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Art Lander’s Outdoors: Richard Taylor’s new book explores history, inhabitants of Elkhorn Creek

Richard Taylor, a professor of English and Kenan Visiting Writer at Transylvania University, explores the natural history, early inhabitants, and commerce along an eight-mile stretch of the main stem of the Bluegrass Region’s most esteemed waterway in his new book Elkhorn: Evolution of a Kentucky Landscape, published by University Press of Kentucky.

Paul Sawyier (1865-1917) was an American impressionist who created about 3,000 paintings in his lifetime, many of which were scenes of Frankfort, Elkhorn Creek and the Kentucky River. Shown here is: Reflections of Elkhorn Creek. (Image provided)

Focusing on the stretch of creek from Forks of the Elkhorn to Knight’s Bridge, Taylor blends 40 years of living along Elkhorn Creek where he restored a 19th century historic home, into a superb, diverse portrait of this beloved region, while providing a glimpse into the economic, social, and cultural transformation of Kentucky from pre-settlement.

To paddle down Elkhorn Creek is to experience a canopy of sycamore trees overhead on long silent pools, wide shallow riffles, surprising rapids, old millworks, dams, and rocky palisades. The pastoral charm of the Elkhorn Creek valley has not changed much and that’s a big part of its inviting serenity — a stream that meanders through flat, fertile bottomland fields flanked by wooded hills. It’s classic Bluegrass scenery. There are glimpses of a bourbon whiskey distillery, fields of burley tobacco, and cattle and horse farms.

The second largest tributary to the Kentucky River, Elkhorn empties into the Kentucky eight miles north of Frankfort, and its two forks and main stem drain the rich land of the Bluegrass Region in four counties — Fayette, Scott, Woodford and Franklin.

The stream’s excellent fishing has captivated generations of anglers and inspired local craftsmen Jonathan and Ben Meek, and B. C. Milam, working as jewelers and watchmakers in Frankfort, to create handmade multiplying baitcasting reels that revolutionized bass fishing in America.

Sawyier’s The Fisherman was one of about 3000 paintings created during his lifetime depicting scenes of Frankfort, Elkhorn Creek and the Kentucky River. (Image provided)

Taylor recounts the Elkhorn Valley’s pre-history inhabitants, Native Americans who left behind flint spear points and stone tools, and early surveyors Hancock Taylor, and brothers Robert and James McAfee, who first came to the region in 1773, and surveyed what was to become Frankfort.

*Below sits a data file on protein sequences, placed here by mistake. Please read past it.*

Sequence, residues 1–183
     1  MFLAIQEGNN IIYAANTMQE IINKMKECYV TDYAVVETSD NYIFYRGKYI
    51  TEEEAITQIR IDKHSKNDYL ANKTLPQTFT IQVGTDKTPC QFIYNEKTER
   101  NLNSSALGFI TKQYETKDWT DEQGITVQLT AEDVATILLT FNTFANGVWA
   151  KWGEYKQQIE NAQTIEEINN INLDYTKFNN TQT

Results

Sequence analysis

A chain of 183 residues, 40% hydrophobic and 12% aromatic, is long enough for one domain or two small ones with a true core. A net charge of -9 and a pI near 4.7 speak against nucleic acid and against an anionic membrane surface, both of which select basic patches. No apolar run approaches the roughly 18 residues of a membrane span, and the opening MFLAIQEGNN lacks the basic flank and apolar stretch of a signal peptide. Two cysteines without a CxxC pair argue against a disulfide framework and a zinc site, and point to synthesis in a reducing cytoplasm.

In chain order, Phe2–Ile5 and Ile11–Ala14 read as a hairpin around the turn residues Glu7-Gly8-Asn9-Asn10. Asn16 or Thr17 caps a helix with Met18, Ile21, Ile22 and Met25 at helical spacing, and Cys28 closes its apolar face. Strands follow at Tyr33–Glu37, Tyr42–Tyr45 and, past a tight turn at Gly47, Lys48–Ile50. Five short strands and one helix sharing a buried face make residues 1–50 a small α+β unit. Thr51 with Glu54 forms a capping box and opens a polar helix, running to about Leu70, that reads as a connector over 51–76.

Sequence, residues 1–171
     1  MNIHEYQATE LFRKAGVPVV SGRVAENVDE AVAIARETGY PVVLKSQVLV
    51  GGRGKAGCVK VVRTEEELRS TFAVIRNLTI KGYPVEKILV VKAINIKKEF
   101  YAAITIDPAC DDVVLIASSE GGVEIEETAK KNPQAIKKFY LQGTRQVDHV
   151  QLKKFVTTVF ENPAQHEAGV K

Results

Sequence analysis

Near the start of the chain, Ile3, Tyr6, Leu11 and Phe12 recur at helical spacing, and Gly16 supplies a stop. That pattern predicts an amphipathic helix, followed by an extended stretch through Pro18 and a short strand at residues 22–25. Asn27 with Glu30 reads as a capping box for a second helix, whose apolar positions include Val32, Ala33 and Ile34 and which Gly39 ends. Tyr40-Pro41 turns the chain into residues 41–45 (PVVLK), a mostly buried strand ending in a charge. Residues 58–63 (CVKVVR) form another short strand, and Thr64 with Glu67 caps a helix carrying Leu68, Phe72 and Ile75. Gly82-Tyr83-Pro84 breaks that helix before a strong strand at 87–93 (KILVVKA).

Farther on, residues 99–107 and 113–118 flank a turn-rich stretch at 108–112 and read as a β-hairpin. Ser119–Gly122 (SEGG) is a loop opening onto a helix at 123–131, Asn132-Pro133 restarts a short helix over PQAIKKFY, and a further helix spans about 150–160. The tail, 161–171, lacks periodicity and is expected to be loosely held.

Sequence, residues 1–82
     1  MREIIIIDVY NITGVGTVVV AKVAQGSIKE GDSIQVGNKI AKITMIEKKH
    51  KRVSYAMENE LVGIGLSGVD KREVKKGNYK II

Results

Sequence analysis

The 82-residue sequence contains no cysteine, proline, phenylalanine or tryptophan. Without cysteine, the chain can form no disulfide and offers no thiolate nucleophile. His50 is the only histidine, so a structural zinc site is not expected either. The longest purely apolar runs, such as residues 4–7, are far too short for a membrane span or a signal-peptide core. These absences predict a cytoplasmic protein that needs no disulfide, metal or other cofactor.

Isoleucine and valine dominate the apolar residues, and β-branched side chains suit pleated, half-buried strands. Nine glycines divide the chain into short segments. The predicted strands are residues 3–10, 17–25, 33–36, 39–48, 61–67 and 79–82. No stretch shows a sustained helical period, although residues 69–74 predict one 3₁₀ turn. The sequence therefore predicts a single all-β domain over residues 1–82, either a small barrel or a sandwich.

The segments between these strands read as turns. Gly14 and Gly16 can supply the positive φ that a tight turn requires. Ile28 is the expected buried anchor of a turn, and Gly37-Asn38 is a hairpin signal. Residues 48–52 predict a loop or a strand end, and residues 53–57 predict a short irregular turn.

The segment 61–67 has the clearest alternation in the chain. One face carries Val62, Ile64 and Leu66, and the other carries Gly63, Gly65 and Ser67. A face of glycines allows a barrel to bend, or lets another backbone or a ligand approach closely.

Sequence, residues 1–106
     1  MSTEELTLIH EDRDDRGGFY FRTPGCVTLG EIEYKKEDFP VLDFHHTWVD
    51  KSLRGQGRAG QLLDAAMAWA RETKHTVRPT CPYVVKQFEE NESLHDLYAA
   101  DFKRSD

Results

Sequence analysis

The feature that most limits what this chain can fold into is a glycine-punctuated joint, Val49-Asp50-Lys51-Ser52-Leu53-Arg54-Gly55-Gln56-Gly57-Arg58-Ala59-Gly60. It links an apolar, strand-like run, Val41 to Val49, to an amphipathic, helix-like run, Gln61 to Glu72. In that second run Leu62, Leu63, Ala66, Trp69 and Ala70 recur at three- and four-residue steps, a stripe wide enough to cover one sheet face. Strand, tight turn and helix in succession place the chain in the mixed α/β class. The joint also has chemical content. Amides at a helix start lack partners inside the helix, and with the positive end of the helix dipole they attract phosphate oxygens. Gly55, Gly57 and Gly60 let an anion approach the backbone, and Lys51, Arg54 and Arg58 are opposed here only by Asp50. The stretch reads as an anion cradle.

What was the origin of Elkhorn Creek’s name? That’s up to conjecture. Some believe it’s because the stream basin looks like elk antlers on explorer John Filson’s 1784 “Map of Kentucky.”

Taylor delves into the life of Judge Harry Innes, a Virginian who immigrated to Kentucky, built a home on Elkhorn Creek and was appointed the first judge of the US Court for the District of Kentucky. Innes received many notable visitors at his residence including former vice president Aaron Burr, Kentucky’s first senator, John Brown and Governors Isaac Shelby and James Garrard.

Just downstream from Forks of the Elkhorn was a community of workers for Frankfort’s first industrial complex, which included a grist, lumber and paper mill, powered by Elkhorn ’s steady flow of water.

One chapter is devoted to Paul Sawyier (1865-1917), an American impressionist, who created about 3,000 paintings in his lifetime, many of which were scenes of Frankfort, Elkhorn Creek and the Kentucky River.

In praise of Elkhorn: Evolution of a Kentucky Landscape, Marc Evans, board chair of the Kentucky Natural Lands Trust, wrote: “I have lived in the beautiful Elkhorn Creek valley for over 30 years and thought I knew a lot about it. But when I read Richard Taylor’s new book, my eyes were opened by its colorful and fascinating history and major impact it had on the development of modern Kentucky. Taylor takes the reader on a wonderful journey through both the natural and cultural history of Elkhorn Creek, weaving in the physical, psychological, philosophical and sometimes spiritual, impact Elkhorn Creek had, and still has, on its inhabitants.”

The 312- page 6 by 9-inch hardcover book, has 33 photographs and two maps. The publication date is September 21. To buy online visit: www.kentuckypress.com

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Art Lander Jr. is outdoors editor for KyForward. He is a native Kentuckian, a graduate of Western Kentucky University and a life-long hunter, angler, gardener and nature enthusiast. He has worked as a newspaper columnist, magazine journalist and author and is a former staff writer for Kentucky Afield Magazine, editor of the annual Kentucky Hunting & Trapping Guide and Kentucky Spring Hunting Guide, and co-writer of the Kentucky Afield Outdoors newspaper column.

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One Comment

  1. Cheryl Daffron says:

    Did Richard Taylor do pen and pencil straight line drawing? I am trying to find information on an artist named Richard P Taylor.

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